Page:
Section 10 of the Norwegian Competition Act prohibits agreements between competitors, decisions by associations of undertakings and concerted practices that have as their object or effect to prevent, restrict or distort competition (e.g., price and bid fixing, market sharing, retail price maintenance). The prohibition applies to both horizontal and vertical relations (e.g., non-compete clauses, exclusivity agreements).

Section 10(2) provides that agreements (or clauses that infringe the prohibition in Section 10(1)) are wholly or partially void. This means that a court will not be able to order the parties to fulfil their contractual obligations if the provisions in question infringe Section 10. Moreover, fines up to 10 per cent of the company's turnover may be imposed for the infringements of the Competition Act. An agreement that falls within Section 10(1) of the Competition Act is not necessarily automatically void. If the restrictive agreement produces sufficient net benefits (effectiveness), the agreement may be exempted under Section 10(3) of the Act.

ii Section 11 of the Competition Act

Section 11 of the Norwegian Competition Act corresponds to Section 102 TFEU and Article 54 of the EEA Agreement. As under the EU rules, the undertaking in question must (1) have a dominant position, and (2) in some way have abused its market position to the detriment of competition.

EU case law and the Commission's Guidance on the Commission's enforcement priorities (Article 82) play important roles in the interpretation of the Norwegian provisions.

iii Sanctions and leniency

An undertaking that has breached the Competition Act may be sanctioned either by administrative penalties (up to 10 per cent of the company's turnover), or by penalties or imprisonment.

Leniency may be granted to undertakings that assist the Competition Authority by revealing that it or others have infringed the prohibition of anticompetitive agreements in Section 10 of the Competition Act. To be granted full leniency, a company must be the first company involved in the infringement to, on its own initiative, provide the Competition Authority with evidence, cooperate with the Competition Authority during the entire process and cease any further involvement in the infringement or any other actions related to the case.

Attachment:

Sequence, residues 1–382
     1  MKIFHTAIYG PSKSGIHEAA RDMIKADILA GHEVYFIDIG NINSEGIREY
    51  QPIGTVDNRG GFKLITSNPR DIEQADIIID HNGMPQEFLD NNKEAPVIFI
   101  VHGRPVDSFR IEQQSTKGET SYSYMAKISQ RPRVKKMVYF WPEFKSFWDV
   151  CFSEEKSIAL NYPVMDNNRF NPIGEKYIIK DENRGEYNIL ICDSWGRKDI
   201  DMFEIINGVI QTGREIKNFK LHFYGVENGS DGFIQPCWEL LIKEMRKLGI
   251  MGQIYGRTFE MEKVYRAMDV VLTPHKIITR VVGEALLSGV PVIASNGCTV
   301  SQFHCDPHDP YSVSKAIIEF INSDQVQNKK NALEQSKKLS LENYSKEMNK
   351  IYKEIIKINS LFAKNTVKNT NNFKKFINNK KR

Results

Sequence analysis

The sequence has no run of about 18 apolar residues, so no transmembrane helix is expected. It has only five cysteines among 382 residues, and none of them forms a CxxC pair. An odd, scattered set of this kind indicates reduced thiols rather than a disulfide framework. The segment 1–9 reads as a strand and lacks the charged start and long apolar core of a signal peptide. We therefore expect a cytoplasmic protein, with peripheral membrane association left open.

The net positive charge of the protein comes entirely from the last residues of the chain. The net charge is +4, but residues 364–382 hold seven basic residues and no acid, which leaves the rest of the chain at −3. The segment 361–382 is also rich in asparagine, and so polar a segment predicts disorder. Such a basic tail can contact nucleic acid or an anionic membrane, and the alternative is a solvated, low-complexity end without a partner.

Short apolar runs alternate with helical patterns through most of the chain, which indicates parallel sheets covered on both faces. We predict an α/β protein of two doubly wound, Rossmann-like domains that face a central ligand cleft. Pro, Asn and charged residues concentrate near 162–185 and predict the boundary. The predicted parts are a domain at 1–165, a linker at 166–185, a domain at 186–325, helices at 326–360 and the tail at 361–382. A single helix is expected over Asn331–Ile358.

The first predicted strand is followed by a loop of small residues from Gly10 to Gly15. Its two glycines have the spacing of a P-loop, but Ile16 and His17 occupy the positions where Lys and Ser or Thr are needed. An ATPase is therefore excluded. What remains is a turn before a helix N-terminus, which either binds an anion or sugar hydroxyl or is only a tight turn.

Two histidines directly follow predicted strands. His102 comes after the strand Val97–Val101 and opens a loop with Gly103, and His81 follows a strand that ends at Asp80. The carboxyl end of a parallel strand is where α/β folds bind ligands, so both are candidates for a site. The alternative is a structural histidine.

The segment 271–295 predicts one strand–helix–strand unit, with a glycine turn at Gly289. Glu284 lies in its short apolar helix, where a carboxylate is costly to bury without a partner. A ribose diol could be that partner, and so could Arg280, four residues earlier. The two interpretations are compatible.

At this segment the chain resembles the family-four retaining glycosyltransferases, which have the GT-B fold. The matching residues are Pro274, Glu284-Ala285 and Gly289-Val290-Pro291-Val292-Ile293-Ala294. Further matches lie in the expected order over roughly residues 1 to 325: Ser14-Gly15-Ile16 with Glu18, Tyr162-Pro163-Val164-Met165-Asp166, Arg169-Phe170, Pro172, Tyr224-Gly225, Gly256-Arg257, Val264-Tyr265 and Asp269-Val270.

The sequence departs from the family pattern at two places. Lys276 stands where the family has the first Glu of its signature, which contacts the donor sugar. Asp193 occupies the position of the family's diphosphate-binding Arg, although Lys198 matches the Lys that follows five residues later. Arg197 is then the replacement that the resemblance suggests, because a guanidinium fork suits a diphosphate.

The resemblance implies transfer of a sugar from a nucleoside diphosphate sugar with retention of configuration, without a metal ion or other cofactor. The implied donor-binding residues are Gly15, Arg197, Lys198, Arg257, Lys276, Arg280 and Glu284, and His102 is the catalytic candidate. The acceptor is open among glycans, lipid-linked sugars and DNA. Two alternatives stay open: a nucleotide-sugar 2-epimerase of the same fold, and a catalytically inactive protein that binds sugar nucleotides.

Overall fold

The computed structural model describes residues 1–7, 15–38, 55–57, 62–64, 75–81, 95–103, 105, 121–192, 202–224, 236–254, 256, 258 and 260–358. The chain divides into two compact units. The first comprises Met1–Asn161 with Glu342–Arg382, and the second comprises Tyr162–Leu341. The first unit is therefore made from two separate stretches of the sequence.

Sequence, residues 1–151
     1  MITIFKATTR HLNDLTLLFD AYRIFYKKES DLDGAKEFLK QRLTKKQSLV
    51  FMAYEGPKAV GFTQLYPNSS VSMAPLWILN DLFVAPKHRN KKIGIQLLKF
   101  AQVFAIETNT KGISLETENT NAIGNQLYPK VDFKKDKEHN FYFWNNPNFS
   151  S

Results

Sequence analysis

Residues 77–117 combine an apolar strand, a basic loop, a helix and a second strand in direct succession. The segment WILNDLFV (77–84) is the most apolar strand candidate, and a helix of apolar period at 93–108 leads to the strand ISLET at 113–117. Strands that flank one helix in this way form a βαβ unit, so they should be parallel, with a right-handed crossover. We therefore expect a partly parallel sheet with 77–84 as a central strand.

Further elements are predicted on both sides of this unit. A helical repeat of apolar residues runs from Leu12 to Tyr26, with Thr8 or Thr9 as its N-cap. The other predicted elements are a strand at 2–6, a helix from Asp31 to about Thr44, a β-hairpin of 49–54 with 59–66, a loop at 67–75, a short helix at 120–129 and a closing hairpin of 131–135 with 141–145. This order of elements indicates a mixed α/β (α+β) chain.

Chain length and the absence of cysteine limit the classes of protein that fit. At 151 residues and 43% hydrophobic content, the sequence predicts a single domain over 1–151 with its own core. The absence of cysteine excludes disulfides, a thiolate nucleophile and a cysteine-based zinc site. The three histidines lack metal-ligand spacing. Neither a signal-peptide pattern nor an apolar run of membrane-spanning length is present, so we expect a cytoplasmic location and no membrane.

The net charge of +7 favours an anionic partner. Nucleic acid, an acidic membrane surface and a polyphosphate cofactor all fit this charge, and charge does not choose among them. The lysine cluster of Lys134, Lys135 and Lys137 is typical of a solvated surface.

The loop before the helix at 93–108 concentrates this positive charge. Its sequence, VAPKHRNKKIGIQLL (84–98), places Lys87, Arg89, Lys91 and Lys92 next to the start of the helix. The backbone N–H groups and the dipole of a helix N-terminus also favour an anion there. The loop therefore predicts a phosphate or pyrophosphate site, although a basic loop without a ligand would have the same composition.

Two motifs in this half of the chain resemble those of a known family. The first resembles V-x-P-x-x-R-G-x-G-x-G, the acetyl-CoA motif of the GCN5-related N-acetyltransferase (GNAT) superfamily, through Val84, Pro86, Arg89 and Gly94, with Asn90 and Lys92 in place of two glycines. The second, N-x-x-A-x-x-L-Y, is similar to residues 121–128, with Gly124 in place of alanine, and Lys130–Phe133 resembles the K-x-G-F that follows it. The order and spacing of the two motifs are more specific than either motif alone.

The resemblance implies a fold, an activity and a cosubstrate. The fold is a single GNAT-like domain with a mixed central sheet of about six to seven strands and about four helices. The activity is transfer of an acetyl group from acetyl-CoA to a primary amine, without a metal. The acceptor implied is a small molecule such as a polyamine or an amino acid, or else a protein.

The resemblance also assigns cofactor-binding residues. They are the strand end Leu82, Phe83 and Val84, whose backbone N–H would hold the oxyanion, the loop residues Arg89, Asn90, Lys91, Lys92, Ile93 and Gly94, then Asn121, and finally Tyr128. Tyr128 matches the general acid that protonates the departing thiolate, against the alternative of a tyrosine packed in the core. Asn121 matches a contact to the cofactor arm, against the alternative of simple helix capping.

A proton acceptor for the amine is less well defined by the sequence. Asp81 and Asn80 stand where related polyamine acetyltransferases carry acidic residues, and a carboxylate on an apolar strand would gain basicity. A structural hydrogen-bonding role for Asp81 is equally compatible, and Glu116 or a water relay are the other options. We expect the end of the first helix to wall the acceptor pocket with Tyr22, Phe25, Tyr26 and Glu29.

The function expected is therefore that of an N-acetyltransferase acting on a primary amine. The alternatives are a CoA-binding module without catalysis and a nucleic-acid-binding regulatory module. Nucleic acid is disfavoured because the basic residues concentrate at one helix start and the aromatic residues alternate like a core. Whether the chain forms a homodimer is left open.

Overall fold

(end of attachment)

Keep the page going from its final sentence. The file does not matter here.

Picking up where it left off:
iv State aid

The development of the aviation sector is the responsibility of public authorities. At the same time, granting subsidies and compensation underlies the strict state aid regulations. The state aid rules in the EEA Agreement are broadly equivalent to the state aid rules in the EC Treaty. The ESA monitors the EEA legislation, and cooperates with the EU transport agencies, also in the aviation sector.

The EFTA Surveillance Authority (ESA) has adopted Aviation Guidelines for state aid to airports and airlines, corresponding to similar guidelines adopted by the European Commission.

Hence, the EU state aid rules apply to airports, which have to behave as 'commercial undertakings' and are not allowed to favour certain carriers.

v Procurement of air services (public service obligation routes)

As a rule, there is an unrestricted right to establish scheduled air services within the EEA. However, public procurement of air services is conducted on the assumption that no operator will choose to operate a flight route area without a tender contract and exclusive rights. The contracting authority is the Ministry of Transport and Communication (MTC). Tender procedures for scheduled routes that are considered public service obligations (PSO) are announced according to the rules of Regulation (EC) No. 1008/2008.7 The successful tenderer is awarded exclusive rights to operate the flight route areas covered by the tender procedure. At present, Widerøe is the dominant actor with regard to the PSO routes. This is owing to the requirements for the type of aircraft, type of navigational equipment, etc. According to Institute of Transport Economics (TØI) report 1116/2010, satisfactory competition for the PSO routes has not been established. In order to remedy this, the Institute of Transport Economics has proposed changes to the airport structure, and suggested using smaller aircraft to avoid the requirement for a specific navigational system, etc. In the current route tenders, loyalty programmes are banned.


See Section VIII concerning compensation for loss of financial support for dependants (a dependant is typically a child or in some circumstances a spouse) and for reasonable funeral costs.

Further compensation might be granted if the wrongful death was caused intentionally or as a result of gross negligence.


i Procedure